Current clinical recommendations from international societies5 and evidence from supervised exercise training programmes6–8 and unsupervised training programmes8 9 support the beneficial effect of physical therapies on COVID and post-COVID-19 conditions. Nevertheless, home-based programmes’ feasibility and clinical utility on maximal functional capacity in long COVID are small or even absent, particularly in symptomatic postdischarged patients. Based on results in other clinical scenarios,10–12 we hypothesised that a home-based IMT programme might significantly improve maximal functional capacity in long COVID patients. Accordingly, this randomised controlled study aimed to evaluate the effect of a 12-week home-based inspiratory muscle training (IMT) programme on maximal functional capacity and quality of life (QoL) in patients with long COVID recovering from a SARS-CoV-2 pneumonia requiring hospitalisation.
This study was a single-centre, blinded assessor, randomised clinical trial designed to evaluate the effect of a home-based IMT programme on maximal functional capacity in long-term symptomatic patients (>3 months) after hospital admission due to SARS-CoV-2 pneumonia (InsCOVID trial). The patients received a concealed allocation 1:1 to either a 12-week programme of IMT (IMT group) or usual care (UC) alone by a computer-generated randomisation scheme. At the baseline visit, demographic, echocardiographic and laboratory data were collected, and baseline primary and secondary endpoint measures were recorded for all participants. All participants underwent these measures after 12 weeks. The study design was previously published.13
The eligibility of candidate patients was based on the following inclusion criteria: (a) symptomatic adult >18 years old with a previous admission due to SARS-CoV-2 pneumonia; (b) at least 3 months after discharge; and (c) provide informed consent. In addition, exclusion criteria were: (a) inability to perform a maximal baseline exercise test; (b) structural heart disease, valve heart disease or diastolic dysfunction estimated by two-dimensional echocardiography; (c) previous ischaemic heart disease, heart failure, myocardiopathy or myocarditis; (d) effort angina or signs of ischemia during cardiopulmonary exercise testing (CPET); (e) significant primary pulmonary disease, including a history of pulmonary arterial hypertension, chronic thromboembolic pulmonary disease or chronic obstructive pulmonary disease; (f) treatment with digitalis, calcium channel blockers, β-blocker or ivabradine; (g) chronic kidney disease (glomerular filtration rate <60 mL/min/1.73 m2); (h) patients with pacemakers or previous history of atrial fibrillation; (i) autoimmune, inflammatory or active neoplastic disease; (j) anaemia; and (k) pregnancy.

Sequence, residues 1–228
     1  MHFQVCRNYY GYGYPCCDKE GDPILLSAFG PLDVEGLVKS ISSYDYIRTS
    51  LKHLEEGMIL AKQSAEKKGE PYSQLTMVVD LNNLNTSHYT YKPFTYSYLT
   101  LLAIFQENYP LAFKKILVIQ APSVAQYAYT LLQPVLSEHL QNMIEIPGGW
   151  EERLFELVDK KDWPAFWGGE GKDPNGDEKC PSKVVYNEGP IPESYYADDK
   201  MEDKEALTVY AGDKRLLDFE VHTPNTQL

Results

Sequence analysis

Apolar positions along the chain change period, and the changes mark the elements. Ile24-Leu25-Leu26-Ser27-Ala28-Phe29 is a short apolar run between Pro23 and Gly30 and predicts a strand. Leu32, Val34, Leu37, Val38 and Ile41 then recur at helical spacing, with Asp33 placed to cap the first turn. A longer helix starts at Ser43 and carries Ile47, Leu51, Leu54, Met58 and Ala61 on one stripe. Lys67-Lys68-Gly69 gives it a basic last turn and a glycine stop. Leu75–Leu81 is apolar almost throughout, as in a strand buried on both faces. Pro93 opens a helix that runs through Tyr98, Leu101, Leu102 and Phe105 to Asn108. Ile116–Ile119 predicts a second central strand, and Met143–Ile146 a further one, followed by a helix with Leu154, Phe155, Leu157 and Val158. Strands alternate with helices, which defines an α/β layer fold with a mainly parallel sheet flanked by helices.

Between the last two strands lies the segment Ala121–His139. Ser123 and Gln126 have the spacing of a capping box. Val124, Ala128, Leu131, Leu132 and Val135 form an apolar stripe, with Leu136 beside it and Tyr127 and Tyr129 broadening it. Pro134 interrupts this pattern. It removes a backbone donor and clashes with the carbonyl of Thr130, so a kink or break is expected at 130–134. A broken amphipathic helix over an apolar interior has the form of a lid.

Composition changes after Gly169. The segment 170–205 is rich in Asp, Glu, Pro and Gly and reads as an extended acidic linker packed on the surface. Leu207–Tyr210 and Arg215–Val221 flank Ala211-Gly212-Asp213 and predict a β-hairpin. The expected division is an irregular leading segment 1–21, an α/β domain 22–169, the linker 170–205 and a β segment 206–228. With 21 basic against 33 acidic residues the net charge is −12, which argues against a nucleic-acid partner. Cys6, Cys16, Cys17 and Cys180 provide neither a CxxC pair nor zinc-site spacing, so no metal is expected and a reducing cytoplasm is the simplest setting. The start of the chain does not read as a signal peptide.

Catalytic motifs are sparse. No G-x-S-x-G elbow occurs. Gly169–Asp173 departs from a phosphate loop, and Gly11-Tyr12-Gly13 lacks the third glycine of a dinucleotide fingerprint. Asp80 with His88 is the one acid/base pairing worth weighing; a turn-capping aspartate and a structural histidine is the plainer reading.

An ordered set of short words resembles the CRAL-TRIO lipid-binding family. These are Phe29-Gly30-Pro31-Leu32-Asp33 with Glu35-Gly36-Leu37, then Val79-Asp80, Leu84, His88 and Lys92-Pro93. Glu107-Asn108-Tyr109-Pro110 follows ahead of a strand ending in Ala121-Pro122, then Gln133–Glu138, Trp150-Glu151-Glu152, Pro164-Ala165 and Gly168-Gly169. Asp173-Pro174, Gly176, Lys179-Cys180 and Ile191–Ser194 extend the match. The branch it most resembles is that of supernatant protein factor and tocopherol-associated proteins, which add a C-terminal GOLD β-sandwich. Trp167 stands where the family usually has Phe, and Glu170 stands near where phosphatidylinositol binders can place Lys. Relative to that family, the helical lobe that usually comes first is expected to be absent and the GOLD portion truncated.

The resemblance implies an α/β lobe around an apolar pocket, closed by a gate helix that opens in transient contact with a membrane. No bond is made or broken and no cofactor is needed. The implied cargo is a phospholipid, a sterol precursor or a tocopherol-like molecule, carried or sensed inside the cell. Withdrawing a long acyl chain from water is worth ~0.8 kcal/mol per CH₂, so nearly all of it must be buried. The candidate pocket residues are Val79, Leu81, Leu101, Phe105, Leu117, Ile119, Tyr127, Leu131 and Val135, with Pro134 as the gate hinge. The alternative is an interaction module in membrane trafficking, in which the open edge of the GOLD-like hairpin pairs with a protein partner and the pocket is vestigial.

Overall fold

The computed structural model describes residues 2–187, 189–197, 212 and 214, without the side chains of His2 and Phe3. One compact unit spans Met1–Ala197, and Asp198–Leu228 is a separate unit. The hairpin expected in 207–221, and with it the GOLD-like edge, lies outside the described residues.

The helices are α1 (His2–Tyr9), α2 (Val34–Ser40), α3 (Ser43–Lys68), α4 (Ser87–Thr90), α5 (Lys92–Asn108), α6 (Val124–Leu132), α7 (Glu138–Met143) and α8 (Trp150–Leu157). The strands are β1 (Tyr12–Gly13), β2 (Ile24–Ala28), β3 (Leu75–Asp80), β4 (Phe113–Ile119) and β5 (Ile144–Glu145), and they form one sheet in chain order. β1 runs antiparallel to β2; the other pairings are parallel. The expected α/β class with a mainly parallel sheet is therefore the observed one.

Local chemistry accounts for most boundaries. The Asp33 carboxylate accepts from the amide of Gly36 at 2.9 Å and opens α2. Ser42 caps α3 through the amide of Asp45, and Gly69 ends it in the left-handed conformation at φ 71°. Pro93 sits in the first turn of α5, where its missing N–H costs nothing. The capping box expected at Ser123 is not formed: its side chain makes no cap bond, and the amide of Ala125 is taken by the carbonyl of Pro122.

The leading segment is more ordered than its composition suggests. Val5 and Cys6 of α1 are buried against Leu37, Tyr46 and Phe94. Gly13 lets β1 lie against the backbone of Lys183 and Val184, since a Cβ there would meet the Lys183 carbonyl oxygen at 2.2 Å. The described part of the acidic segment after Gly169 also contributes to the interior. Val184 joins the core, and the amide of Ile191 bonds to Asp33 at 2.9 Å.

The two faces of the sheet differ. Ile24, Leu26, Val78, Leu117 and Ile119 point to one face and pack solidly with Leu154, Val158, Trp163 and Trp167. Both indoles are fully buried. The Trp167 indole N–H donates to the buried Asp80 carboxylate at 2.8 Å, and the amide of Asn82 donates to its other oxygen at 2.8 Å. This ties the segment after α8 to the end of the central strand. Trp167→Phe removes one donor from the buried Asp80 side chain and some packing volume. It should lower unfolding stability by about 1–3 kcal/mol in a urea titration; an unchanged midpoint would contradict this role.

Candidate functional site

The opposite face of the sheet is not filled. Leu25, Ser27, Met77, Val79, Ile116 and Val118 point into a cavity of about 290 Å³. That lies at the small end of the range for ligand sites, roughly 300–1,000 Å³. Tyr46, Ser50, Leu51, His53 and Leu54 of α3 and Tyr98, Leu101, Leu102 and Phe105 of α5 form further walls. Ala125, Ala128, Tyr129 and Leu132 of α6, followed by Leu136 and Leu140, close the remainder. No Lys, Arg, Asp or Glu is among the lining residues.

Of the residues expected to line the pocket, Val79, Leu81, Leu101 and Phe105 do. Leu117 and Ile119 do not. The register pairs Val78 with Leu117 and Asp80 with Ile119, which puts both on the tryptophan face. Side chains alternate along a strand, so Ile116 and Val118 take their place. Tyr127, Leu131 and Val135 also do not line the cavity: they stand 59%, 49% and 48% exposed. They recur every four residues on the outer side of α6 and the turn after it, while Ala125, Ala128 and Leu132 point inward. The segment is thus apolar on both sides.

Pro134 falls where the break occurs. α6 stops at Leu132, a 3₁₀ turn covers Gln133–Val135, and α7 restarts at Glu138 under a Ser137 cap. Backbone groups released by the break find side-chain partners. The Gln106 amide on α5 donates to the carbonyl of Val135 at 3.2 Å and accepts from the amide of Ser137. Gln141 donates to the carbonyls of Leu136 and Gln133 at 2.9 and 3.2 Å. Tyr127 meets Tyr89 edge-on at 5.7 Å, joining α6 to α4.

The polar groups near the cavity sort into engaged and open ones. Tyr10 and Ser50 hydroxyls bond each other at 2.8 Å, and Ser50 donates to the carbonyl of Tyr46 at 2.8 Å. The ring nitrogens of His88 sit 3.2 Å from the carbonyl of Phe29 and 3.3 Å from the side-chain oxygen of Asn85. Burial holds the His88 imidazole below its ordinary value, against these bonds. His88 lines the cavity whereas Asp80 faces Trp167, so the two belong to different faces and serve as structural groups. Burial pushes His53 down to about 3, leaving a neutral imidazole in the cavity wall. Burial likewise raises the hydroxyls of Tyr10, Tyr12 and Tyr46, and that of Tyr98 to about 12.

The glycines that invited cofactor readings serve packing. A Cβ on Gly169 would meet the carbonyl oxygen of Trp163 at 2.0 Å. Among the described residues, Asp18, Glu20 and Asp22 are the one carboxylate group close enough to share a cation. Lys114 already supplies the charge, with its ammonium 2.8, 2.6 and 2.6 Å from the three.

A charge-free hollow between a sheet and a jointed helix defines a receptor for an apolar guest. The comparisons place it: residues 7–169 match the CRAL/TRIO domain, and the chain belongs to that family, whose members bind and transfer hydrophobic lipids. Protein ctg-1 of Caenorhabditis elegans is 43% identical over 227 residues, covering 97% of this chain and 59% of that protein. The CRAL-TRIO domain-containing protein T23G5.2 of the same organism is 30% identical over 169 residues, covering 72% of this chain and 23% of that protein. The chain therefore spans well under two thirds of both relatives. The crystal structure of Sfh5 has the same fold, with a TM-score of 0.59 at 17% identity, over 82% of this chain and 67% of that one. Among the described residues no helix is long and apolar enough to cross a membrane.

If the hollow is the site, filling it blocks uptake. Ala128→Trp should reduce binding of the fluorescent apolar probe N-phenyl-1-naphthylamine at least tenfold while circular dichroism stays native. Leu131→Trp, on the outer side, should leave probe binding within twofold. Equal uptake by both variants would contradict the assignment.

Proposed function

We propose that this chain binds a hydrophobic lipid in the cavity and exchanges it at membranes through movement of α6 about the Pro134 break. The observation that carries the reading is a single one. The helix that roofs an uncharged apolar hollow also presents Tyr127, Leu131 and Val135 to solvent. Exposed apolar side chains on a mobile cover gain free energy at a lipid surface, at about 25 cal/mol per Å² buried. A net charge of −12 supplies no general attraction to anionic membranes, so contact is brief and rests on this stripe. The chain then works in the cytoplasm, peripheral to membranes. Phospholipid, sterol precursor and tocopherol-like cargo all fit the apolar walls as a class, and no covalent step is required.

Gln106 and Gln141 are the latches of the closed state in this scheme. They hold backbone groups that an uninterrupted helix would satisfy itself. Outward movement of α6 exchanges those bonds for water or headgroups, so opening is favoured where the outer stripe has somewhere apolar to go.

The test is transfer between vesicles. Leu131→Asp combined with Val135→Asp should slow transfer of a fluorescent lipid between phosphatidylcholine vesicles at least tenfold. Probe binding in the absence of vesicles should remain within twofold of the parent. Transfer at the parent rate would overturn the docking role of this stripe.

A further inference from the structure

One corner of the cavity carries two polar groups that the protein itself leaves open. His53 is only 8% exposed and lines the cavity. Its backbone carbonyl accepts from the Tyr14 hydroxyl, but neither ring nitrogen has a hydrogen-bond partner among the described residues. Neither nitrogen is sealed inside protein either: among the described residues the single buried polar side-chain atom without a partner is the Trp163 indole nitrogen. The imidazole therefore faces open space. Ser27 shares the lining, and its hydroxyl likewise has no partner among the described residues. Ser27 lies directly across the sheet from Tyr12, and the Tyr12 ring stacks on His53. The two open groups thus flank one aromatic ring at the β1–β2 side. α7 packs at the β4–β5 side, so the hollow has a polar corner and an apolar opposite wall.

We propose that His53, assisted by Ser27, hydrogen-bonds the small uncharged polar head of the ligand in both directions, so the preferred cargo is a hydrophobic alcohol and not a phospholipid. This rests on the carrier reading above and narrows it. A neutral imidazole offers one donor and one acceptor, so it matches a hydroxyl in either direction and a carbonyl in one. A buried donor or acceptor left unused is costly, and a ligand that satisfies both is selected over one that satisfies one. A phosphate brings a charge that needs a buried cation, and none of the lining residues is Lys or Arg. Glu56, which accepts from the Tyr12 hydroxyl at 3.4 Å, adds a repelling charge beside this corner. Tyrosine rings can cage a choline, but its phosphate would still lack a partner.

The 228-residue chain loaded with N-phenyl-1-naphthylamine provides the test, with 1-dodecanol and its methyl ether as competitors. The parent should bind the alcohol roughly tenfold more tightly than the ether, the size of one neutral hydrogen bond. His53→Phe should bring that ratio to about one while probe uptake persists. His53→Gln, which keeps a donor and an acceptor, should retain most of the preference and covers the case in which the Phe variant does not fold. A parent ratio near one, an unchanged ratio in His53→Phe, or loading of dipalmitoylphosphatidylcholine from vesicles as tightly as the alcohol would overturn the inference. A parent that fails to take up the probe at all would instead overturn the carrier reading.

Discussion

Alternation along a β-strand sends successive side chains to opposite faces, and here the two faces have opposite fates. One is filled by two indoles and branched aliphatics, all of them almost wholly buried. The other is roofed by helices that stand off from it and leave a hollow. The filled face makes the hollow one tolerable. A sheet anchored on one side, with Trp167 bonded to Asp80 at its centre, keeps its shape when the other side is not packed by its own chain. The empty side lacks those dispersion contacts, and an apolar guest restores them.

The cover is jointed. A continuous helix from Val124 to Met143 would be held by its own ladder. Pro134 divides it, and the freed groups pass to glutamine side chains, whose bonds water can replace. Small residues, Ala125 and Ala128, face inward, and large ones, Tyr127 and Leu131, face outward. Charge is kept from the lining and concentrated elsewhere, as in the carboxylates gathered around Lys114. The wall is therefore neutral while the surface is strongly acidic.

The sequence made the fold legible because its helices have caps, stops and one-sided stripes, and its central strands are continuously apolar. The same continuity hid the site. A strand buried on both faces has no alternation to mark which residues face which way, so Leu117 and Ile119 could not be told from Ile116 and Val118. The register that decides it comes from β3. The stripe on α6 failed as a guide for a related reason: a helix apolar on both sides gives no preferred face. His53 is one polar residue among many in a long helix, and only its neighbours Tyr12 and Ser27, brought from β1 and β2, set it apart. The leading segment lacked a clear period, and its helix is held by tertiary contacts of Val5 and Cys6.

The intervention sessions were conducted by a single physiotherapist with more than 20 years of respiratory physiotherapy experience and no contact with the assessors or the participants’ results.
Eligibility assessment, randomisation and baseline visit
Patients who met the inclusion–exclusion criteria and signed the informed consent form were randomised (1:1) into two arms: (1) a home-based 12-week programme of IMT (IMT group) or (2) UC. At the baseline visit (day 0), a comprehensive medical history, physical examination, anthropometry and examination tests were performed by one pulmonologist and two cardiologists blinded to the patients’ allocation arm. The examination tests included: an ECG, two-dimensional transthoracic echocardiography, CPET, QoL assessment by the European Quality of Life 5 Dimensions 3 Level Version (EQ-5D-3L) questionnaire, pulmonary function test and blood samples for a panel of baseline biomarkers. Researchers performing the CPET and the other study procedures, excluding physiotherapist visits, were also blinded to treatment assignment.